Pages of prayers had been chanted and most of the pews of the share Tefila synagogue has filled yesterday when Horace Gold rose from his seat among the congregation, pulled his white prayer shawl tighter around his shoulders and stepped to the pulpit.
"I'm grateful to be able to say hello to you, my friends," said the 60-year-old Gold. He had come back to his Silver Spring home at 5 a.m. the day before, after two days of lying on the concrete floor of the B'nai B'rith headquarters at 17th Street and Rhode Island Avenue NW, a hostage of Haneti Muslim gunmen.
"The Lord knows what to do. He knows how to do it and He knows when to do it," Gold said.
Thus, like Gold, did Jews here react to the peaceful end of the 39-hour siege that confined many of them as hostage: they turned to their religion for understanding and reassurance and they thanked God that they had come trough yet another trial.
Oppression has been so common in the history of Jews that be tradition a prayer has developed to be offered at the end of captivity. Gold and other hostages stood before their congregations Friday night or Saturday and offered the "birkat hagomel" the prayer of thanksgiving and hope.
"Baruch Atah Adonai," Gold began chanting in Hebrew, intoning the prayer which means, "We think you, of Lord our God of the universe, for having saved us and delivered us from captivity."
In synagogues around Washington, congregations responded: "May He who saved you from this, may He continue to watch over you."
The liturgy Friday night at Temple Sinai in northwest Washington had a sharper meaning members of the congregation.
"When will redemption come?" Rabbi Eugene Lipman prayed. "When we master the violence that fills our world," the people responded.
""When we look upon others as we would have them look upon us," the rabbi continued.
"When we grant to every person the rights we claim for ourselves," the congregation said. "We sing the song that celebrates our deliverance from Egypt and all bondage."
"Jewish tradition provides for all contingencies," the rabbi said.
"The "brikat hagomel" prayer was appropriate, he said, not only for the were hostages but "because our congregation is larger than its members.
"Also, I don't know how yoy felt this week," he said, "but I did not feel liberated. It has been a week of bondage for us all."
One man who walked forward in Temple Sinai to recite the traditional prayer was greeted affectionately afterward by several friends.
For him, captivity was not a new experience. He spent seven and a half months incarcerated in the Nazi's Buchenwald priso
"If my belief in God had decrease in any fashion," an acquaintance of the hostage said later, "this had brought me back to the faith. All I could think when I was watching television at 2:15 a.m. Friday was, "Thank God, thank God,' I have the same kind of feeling that I had at the end of the war."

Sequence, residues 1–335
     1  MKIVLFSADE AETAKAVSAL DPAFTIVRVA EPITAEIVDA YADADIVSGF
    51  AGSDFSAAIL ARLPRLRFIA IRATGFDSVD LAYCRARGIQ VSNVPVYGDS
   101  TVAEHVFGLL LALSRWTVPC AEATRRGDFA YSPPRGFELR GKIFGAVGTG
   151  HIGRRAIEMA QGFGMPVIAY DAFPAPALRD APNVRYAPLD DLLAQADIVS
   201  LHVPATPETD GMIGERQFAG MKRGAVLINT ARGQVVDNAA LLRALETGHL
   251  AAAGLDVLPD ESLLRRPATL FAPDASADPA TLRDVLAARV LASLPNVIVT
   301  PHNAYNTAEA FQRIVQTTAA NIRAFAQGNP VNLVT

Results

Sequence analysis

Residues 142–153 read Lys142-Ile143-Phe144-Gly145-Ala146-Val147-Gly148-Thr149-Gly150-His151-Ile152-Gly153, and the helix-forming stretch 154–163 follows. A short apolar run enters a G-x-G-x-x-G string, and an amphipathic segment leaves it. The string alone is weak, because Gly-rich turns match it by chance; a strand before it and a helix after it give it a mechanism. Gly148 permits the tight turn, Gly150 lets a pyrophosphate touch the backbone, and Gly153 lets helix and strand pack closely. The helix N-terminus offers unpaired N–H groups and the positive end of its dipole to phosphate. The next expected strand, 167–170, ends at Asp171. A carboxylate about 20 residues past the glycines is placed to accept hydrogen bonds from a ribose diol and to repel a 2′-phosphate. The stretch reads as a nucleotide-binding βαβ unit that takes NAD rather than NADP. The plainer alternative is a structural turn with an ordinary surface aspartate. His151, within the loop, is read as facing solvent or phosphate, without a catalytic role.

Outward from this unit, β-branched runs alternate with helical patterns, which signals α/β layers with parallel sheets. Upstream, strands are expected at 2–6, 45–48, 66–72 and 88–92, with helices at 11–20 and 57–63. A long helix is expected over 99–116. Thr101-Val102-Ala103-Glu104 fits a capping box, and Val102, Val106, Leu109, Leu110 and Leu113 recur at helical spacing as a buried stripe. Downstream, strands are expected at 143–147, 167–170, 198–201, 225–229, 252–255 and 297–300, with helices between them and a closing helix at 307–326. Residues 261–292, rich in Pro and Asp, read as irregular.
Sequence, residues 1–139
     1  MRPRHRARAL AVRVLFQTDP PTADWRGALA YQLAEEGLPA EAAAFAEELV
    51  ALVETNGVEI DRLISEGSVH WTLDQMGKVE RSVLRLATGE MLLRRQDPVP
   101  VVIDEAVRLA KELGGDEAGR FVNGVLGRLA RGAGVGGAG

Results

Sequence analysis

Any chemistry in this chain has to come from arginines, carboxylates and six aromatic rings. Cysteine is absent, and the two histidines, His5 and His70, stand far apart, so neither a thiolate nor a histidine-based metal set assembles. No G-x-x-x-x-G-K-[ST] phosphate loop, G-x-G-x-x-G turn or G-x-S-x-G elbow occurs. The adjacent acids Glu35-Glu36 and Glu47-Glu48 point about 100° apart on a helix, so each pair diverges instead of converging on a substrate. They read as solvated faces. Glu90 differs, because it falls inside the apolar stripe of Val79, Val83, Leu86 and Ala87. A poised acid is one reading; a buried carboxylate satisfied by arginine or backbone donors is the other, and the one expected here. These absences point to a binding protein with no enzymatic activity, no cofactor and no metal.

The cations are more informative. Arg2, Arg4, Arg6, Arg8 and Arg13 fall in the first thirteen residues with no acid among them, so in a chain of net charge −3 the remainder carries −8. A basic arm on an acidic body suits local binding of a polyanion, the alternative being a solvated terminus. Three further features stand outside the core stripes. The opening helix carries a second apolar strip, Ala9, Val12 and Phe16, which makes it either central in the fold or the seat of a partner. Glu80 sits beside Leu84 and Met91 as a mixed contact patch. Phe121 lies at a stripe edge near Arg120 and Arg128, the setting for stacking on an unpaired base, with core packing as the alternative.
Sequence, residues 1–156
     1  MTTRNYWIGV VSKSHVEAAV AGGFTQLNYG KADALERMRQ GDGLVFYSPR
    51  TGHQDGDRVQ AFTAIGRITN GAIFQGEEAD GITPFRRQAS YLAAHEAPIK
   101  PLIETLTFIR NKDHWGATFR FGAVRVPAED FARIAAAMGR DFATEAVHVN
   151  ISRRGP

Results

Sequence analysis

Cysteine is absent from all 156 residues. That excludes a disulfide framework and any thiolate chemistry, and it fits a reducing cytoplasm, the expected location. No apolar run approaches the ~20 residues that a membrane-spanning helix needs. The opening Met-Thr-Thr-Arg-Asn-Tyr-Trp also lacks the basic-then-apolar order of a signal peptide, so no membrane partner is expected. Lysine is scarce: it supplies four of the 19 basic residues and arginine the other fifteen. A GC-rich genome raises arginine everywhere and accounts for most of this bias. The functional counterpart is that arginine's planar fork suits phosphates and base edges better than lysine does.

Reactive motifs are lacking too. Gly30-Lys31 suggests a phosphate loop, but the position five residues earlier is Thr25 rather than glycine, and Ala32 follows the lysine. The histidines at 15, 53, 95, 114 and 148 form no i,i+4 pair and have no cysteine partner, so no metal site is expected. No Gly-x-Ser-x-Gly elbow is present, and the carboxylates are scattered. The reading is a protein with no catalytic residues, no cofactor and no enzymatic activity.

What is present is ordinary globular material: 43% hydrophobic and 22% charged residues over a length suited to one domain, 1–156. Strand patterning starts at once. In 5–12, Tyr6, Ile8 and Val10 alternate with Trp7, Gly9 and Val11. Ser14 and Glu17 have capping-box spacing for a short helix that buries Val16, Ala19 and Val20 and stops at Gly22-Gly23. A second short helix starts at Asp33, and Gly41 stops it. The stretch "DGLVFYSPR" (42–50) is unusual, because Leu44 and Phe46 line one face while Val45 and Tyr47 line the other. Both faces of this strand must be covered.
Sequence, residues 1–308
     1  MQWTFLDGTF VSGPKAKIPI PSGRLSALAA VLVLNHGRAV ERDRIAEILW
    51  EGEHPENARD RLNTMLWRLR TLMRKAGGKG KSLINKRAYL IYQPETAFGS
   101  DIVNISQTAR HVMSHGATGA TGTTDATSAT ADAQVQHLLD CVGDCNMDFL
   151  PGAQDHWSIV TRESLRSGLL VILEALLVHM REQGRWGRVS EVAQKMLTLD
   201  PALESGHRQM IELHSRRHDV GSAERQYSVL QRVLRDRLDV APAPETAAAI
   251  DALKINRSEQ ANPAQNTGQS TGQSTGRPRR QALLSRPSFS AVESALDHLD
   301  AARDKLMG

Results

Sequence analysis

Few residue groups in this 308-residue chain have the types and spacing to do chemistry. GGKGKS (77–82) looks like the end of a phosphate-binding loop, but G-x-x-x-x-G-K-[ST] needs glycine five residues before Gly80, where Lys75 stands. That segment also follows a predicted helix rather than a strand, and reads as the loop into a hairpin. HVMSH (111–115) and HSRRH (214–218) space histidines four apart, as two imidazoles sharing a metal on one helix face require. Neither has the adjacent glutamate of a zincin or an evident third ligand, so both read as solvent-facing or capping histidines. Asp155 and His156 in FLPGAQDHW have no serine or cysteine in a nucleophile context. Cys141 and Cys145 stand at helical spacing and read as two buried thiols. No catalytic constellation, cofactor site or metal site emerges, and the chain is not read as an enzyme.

At Shaare Tefile, Yette Greenberg, who with 11 other people had been barricated on a lower floor of the B'nai B'rith, hiding from the gunmen until she was rescued by police Wednesday night, said, "I think this will bring me back to Sabbath services.
"I don't go as oftern as I should," she added," "I was brought up in a very religious family but up in a very religious family but I dropped away a little. This will bring me back."
And at Ohr Kodesh Congregation in Silver Spring Rabbi Tzvi Porath chose for Friday night prayers Psalm 30, which declares, "My mourning was turned into joy."
Coincidentally, Jews only two weeks ago celebrated Purim, the festival that recalls how Queen Esther sucessfully persuaded Haman not to kill the Jews he sought to destroy. The current Hebrew month is Adar, which focuses on hope that any evil intentions will be thwarted.
This coincidence drew comment from some worshipers.
I was struck that the way this thing ended Friday was by an appeal to the Hanafi's fundamental religious beliefs," said Dr. William H. Goldwater of Temple Sinai.
But mixed feelings were expressed by some over the involvement of the three Moslem ambassadors in the negotiations to release the hostages.
"Thursday found them interving for the lives of countless Jews," Rabbi Martin S. Halpern of Shaare Tefila Congregation in Silver Spring said yesterday. "In the past they have turned a deaf ear to terrorism and numerous times welcomed terrorists within their own borders."
But in formal messages, the Jewish Community Council of Greater Washington praised D.C. officials for their efficient, capable and effective handling of the hostage events" and praised the ambassadors of Pakistan, Egypt and Iran for the 'sense of common concern which you exhibited at this difficult and dangerous time."